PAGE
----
Another point raised by both CuriousG and telain was that both seem to have an affinity with the sons of Feanor; CuriousG raised the question what would have happened had the Oath come between the cousins. To which I can only reply:
1) We condemn the seven sons because we know how they will turn out - but this might not have been so obvious at the time, a couple of centuries before the Oath awoke.
2) We should revisit the topic next week, when reading Of Beren and Luthien.
3) Aredhel seeks for Celegorm and Curufin; Finrod rides with Maedhros and Maglor. Does this mean anything?

What is it about the Noldor noblepersons which entice them to ride alone, with no thought for security? Do they believe so much in Fingolfin's boast regarding the Siege of Angband being unbrerakable?
Brethil thought they did believe Fingolfin's boast! I'm glad she took up my suggestion; however, according to the Grey Annals timeline, only fifty years have passed since Glaurung had first raided the Northren lands. For sure Finrod shouldn't have forgotten this!

PhantomS and telain both found excuses for Finrod's carelessness; however, Lothwen (welcome again!) condemned him, at least initially - before suggesting that he was confident in his own prowess.

Or – is this a mythical device, preceding an unexpected discovery? If so, were both set approximately a hundred years before the Dagor Bragollach, as the period during which solitary roaming the mysterious, magical Elflands was conceivable?
I really like the "mythical period" idea, regarding both Aredhel and Finrod. Those who have answered this question have not commented upon it: CuriousG, however, noted that the "solitary discoverer" motif repeats itself in Tolkien - both in Orome and Tuor. As he often mentions his love of Watership Down, I refer him to Hawkbit's discovery of the deserted burrows in chapter 18.
Another bservation was made by telain - that a lone person is more likely to come upon people unaware, and to fall in love. This is brillian! hpwever, the first observation can't apply to Orome discovering the Quendi, as he was disclosed by the neighing of Nahar. What does this difference mean?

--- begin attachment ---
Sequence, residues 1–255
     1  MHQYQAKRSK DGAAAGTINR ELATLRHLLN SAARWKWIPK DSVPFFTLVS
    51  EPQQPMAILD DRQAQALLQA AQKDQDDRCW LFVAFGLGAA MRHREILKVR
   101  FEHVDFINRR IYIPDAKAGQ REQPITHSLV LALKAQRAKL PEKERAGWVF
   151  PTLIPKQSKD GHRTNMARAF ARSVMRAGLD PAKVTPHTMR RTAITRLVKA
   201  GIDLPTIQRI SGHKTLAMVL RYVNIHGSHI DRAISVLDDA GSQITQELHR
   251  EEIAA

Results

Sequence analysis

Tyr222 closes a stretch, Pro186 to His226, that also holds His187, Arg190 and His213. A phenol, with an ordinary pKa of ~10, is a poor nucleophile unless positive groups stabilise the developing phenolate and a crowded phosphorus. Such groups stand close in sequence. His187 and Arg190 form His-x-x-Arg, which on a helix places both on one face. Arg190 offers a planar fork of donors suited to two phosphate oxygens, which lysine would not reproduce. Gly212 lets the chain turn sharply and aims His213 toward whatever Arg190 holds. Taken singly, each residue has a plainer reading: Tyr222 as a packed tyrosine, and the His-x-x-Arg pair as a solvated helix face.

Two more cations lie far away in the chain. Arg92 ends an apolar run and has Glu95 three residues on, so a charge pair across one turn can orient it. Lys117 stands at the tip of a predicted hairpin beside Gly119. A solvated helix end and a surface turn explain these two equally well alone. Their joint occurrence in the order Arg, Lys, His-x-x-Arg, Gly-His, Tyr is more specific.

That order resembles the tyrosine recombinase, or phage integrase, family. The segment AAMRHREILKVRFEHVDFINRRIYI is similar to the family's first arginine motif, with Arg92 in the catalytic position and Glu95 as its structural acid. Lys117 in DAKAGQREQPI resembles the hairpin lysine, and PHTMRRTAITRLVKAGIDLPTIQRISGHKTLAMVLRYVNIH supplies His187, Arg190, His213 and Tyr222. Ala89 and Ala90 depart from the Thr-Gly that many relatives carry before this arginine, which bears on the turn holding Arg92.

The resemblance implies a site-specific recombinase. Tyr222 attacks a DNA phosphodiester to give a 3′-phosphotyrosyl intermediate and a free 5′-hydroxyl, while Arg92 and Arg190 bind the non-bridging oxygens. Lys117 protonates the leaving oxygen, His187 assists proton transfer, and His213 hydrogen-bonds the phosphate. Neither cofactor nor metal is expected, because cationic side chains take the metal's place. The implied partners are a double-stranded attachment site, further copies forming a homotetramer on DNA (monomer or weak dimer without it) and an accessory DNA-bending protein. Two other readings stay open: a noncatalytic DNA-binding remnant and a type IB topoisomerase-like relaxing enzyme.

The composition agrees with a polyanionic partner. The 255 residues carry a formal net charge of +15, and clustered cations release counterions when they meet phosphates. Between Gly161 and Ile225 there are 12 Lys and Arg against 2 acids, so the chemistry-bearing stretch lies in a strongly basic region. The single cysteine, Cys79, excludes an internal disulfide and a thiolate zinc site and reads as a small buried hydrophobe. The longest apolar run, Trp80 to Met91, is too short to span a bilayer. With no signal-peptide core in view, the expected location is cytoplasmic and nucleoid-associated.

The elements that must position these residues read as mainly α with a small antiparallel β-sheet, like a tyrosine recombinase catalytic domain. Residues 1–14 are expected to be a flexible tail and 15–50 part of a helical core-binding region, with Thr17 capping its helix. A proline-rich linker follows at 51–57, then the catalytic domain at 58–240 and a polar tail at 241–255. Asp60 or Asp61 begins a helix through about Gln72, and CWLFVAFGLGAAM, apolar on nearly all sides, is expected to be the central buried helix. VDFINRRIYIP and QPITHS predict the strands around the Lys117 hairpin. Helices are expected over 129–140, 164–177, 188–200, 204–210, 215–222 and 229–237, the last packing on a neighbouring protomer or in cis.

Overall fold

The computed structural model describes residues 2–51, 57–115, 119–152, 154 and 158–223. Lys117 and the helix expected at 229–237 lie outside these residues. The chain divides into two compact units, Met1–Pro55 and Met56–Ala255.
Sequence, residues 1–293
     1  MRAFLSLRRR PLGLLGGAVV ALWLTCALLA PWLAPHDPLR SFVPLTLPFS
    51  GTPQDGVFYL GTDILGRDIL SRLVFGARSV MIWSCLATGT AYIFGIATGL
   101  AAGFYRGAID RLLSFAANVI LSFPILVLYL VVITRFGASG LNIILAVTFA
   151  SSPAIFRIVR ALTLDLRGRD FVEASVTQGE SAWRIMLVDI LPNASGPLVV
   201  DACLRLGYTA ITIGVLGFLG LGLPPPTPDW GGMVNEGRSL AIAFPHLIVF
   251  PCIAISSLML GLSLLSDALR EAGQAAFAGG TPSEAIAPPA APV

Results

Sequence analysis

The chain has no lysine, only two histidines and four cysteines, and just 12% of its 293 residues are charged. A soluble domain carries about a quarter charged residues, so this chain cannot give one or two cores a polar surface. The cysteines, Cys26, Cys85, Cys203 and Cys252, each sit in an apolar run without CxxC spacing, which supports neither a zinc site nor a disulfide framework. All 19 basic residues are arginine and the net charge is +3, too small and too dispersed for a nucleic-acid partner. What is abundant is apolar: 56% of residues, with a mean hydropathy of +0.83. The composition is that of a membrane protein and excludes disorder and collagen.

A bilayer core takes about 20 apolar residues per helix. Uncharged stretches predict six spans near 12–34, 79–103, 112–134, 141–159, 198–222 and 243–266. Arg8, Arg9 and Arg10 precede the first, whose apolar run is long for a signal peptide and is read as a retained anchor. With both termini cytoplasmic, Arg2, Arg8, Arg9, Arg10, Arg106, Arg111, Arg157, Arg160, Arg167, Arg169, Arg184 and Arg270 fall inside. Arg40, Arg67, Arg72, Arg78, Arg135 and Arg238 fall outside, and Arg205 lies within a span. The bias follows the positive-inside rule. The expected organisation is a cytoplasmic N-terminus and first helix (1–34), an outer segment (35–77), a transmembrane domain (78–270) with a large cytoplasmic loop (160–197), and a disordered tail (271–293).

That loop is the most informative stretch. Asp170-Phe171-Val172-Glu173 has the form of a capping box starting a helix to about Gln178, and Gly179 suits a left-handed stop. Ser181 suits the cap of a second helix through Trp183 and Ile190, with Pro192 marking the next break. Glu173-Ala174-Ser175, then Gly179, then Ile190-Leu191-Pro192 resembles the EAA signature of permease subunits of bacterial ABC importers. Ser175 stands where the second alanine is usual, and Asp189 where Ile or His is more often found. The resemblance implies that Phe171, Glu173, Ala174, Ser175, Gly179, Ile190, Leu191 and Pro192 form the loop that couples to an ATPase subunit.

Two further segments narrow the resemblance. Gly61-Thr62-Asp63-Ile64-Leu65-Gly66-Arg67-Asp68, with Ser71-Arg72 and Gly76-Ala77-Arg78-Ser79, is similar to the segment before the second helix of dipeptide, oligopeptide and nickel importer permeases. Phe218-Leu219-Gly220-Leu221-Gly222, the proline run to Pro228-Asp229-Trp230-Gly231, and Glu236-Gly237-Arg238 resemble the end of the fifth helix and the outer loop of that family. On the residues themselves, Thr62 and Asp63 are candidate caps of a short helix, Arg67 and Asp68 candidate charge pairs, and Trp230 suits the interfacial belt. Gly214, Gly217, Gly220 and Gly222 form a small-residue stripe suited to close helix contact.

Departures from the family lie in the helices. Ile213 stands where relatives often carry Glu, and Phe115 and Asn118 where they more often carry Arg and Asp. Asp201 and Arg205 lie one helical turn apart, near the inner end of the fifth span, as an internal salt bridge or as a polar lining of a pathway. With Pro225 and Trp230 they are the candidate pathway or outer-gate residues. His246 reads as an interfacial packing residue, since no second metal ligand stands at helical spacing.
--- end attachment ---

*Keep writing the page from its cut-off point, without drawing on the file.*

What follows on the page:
Is this innocence a bit too much to be believable?
Most of the reponses felt it was a bit too much (telain even named them "incredibly lucky"); noWizardme stated that this sleeping with no guards is "Arcadian" - but most reponses (Lothwen, CuriousG) prefered the image PhantomS suggested, of a "Promised Land effect".
As a matter of fact, I was more concrned by the fire left alone - which only Brethil commented about; she suggested it gives a sense of naivette, and also how far behind the elves the newcomers are. I like the first suggestion, but I think the second, is taking the idea too far away from the realistic. This seems a classical case of Tolkien's own naive depiction of the first Men - Henri Rousseau's paintings come to mind (as they do when looking at Tolkien's illustrations for The Hobbit).

And what about the strange language? Later on, this chapter states that the first Men learned their speech from dark-elves – surely Finrod would have recognized it? Conversely, would he know the secret tongue of dwarves had he heard it?

As PhantomS and Lothwen both said, Men have changed their language since learning it form the Moriquendi; so the Men couldn't understand Finrod. Both PhantomS and CuriousG seem to have argued that Finrod could read other's minds, as a regular elvish form of communication - which I strongly disagree with! I remeber there was a recent thread about it, but I still can't grasp how come Morgoth or all being was denied this ability.
All three aforementioned members stated that Dwarvish, as a completely foreign language, was more different from Elvish; as PhantomS said, only Eol ever learned it, and he was far gone from other elves by the time. Lothwen stated that Finrod would have been able to recognise the Dwarves' secret tongue, and it indeed seems that's what Tolkien meant - but I'm still unsure, as where would he learn it from? If they dwarves don't use it even on tombstones, would they speak it when they are hired labourers at an elvish prince?

'But my father loves them,' said Túrin, 'and he is not happy without them. He says that we have learned all that we know from them, and have been made a nobler people; and he says that the Men that have lately come over the Mountains are little better than Orcs.'
'That is true,' answered Sador; 'true at least of some of us. But the up-climbing is painful, and from high places it is easy to fall low.'

Who was right?
Join us in the Reading Room, for the discussion of Of the Coming of Men into the West, beginning on June 9!


sador
Half-elven


Jun 18 2013, 12:07pm

Post #84 of 98 (99 views)
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Summary, and my own responses [In reply to] Can't Post

It looks as if at most, I will be able to do this, and perhaps answer the third subthread today. Sorry.

What do you think? Do you agree that the longer description should not have been omitted?
The acceptance of squire's critique was unanimous
. It took a while, but after some time people began refering to what noWizardme called the "snigger factor". Brethil was eloquent, saying (if I may quote her) that the untended fire and sleeping band of Men "is more of a picture of the Children of a different generation of the same Song, rather than a "better' edition in the Elves and a ruder edition in Men".